Identifying the key factors underlying the spread of a disease is an essential but challenging prerequisite to design management strategies. To tackle this issue, we propose an approach based on sensitivity analyses of a spatiotemporal stochastic model simulating the spread of a plant epidemic. This work is motivated by the spread of sharka, caused by Plum pox virus, in a real landscape. We first carried out a broad-range sensitivity analysis, ignoring any prior information on...

Data from: Influence of the geography of speciation on current patterns of coral reef fish biodiversity across the Indo-Pacific

Théo Gaboriau, Fabien Leprieur, David Mouillot & Nicolas Hubert
The role of speciation processes in shaping current biodiversity patterns represents a major scientific question for ecologists and biogeographers. Hence, numerous methods have been developed to determine the geography of speciation based on co-occurrence between sister-species. Most of these methods rely on the correlation between divergence time and several metrics based on the geographic ranges of sister-taxa (i.e. overlap, asymmetry). The relationship between divergence time and these metrics has scarcely been examined in a spatial...

Data from: Does water shortage generate water stress? An ecohydrological approach across Mediterranean plant communities

Karim Barkaoui, Marie-Laure Navas, Catherine Roumet, Pablo Cruz & Florence Volaire
The interactions between hydrological and ecological processes are key issues to improve our predictions of ecosystem responses to increasing droughts. However, predicting the dynamics and the impacts of vegetation water stress remains challenging because of complex ecohydrological feedbacks. The ecohydrological optimality approach proposes that functional adjustments within plant communities may buffer the increase in vegetation water stress despite local water shortage. This study aimed to test whether vegetation water stress may be invariant across contrasting...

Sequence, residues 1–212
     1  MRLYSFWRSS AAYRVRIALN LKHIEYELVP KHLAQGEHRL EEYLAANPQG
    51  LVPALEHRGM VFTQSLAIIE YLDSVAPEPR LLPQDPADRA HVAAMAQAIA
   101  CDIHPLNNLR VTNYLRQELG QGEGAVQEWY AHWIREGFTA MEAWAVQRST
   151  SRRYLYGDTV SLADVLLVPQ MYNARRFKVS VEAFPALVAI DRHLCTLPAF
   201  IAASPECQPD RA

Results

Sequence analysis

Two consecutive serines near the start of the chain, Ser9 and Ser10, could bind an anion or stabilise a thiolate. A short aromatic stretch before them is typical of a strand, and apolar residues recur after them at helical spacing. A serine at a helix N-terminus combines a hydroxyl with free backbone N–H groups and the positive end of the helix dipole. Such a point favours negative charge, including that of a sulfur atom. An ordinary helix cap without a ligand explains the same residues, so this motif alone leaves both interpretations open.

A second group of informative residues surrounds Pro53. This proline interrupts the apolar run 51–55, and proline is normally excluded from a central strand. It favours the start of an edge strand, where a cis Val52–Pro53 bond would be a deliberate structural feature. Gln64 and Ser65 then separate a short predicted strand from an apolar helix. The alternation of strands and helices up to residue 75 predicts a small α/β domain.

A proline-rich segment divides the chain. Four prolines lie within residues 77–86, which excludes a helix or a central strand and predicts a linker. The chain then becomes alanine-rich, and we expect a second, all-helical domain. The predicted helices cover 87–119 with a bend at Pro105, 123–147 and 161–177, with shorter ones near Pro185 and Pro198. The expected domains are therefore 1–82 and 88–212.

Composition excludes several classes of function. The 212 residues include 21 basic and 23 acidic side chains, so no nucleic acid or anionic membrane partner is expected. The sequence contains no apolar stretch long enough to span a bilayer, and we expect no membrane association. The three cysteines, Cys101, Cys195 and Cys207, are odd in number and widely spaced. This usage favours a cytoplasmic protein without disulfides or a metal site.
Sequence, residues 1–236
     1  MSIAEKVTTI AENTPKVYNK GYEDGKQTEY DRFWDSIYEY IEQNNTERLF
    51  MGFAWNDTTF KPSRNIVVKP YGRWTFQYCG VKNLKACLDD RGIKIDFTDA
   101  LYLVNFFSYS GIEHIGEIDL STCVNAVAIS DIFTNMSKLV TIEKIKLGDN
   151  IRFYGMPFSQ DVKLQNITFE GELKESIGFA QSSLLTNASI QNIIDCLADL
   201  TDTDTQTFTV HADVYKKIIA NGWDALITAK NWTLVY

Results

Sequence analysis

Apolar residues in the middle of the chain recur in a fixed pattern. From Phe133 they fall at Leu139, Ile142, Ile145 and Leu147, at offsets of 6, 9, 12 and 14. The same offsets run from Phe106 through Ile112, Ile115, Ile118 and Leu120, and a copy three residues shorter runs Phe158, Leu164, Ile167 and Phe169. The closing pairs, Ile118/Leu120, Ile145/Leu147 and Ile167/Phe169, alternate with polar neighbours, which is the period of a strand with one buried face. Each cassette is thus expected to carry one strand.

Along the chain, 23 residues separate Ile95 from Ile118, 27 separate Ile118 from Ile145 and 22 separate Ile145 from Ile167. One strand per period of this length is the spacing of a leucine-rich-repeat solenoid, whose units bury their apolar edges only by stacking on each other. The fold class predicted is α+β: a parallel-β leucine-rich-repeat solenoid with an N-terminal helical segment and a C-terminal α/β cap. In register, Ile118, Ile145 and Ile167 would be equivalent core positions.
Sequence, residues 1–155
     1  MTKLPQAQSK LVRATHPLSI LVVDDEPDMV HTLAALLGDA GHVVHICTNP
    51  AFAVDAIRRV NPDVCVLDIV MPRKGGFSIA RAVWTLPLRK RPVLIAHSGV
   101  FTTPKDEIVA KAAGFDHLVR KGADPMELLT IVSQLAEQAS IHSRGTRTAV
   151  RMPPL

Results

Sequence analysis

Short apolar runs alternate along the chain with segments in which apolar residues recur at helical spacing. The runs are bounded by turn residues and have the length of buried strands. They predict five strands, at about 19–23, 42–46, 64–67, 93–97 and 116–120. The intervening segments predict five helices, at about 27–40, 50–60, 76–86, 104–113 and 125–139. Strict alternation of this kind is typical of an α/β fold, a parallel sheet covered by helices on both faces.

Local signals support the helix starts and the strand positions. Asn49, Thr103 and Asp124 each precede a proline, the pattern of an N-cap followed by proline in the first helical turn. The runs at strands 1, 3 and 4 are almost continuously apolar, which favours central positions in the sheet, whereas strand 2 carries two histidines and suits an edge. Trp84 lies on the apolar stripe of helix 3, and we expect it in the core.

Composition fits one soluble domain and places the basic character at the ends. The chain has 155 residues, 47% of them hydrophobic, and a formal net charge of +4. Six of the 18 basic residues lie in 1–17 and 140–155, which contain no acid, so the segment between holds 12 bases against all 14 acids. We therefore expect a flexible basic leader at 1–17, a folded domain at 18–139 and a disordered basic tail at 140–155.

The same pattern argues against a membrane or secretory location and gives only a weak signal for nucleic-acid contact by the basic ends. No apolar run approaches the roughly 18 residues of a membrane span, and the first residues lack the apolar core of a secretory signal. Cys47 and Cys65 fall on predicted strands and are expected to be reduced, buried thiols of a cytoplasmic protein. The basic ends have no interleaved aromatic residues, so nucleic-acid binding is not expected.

Data from: Interpreting the genomic landscape of speciation: a road map for finding barriers to gene flow

Mark Ravinet, Rui Faria, Roger K. Butlin, Juan Galindo, Nicolas Bierne, Marina Rafajlović, Mohamed A. F. Noor, Bernhard Mehlig & Anja M. Westram
Speciation, the evolution of reproductive isolation amongst populations, is continuous, complex, and involves multiple, interacting barriers. Until it is complete, the effects of this process vary along the genome and can lead to a heterogeneous genomic landscape with peaks and troughs of differentiation and divergence. When gene flow occurs during speciation, barriers restricting migration locally in the genome lead to patterns of heterogeneity. However, genomic heterogeneity can also be produced or modified by variation in...

Data from: Evolutionary rescue and local adaptation under different rates of temperature increase: a combined analysis of changes in phenotype expression and genotype frequency in Paramecium microcosms

Joshua Killeen, Claire Gougat-Barbera, Sascha Krenek & Oliver Kaltz
Evolutionary Rescue (ER) occurs when populations, which have declined due to rapid environmental change, recover through genetic adaptation. The success of this process and the evolutionary trajectory of the population strongly depend on the rate of environmental change. Here we investigated how different rates of temperature increase (from 23°C to 32°C) affect population persistence and evolutionary change in experimental microcosms of the protozoan Paramecium caudatum. Consistent with theory on ER, we found that those populations...

Registration Year

  • 2017

Resource Types

  • Dataset


  • University of Montpellier
  • French National Centre for Scientific Research
  • James Cook University
  • Centre de Coopération Internationale en Recherche Agronomique pour le Développement
  • Biology and Genetics of Plant-Pathogen Interactions
  • University of Gothenburg
  • College of William & Mary
  • Montpellier SupAgro
  • French Research Institute for Exploitation of the Sea
  • Wageningen University & Research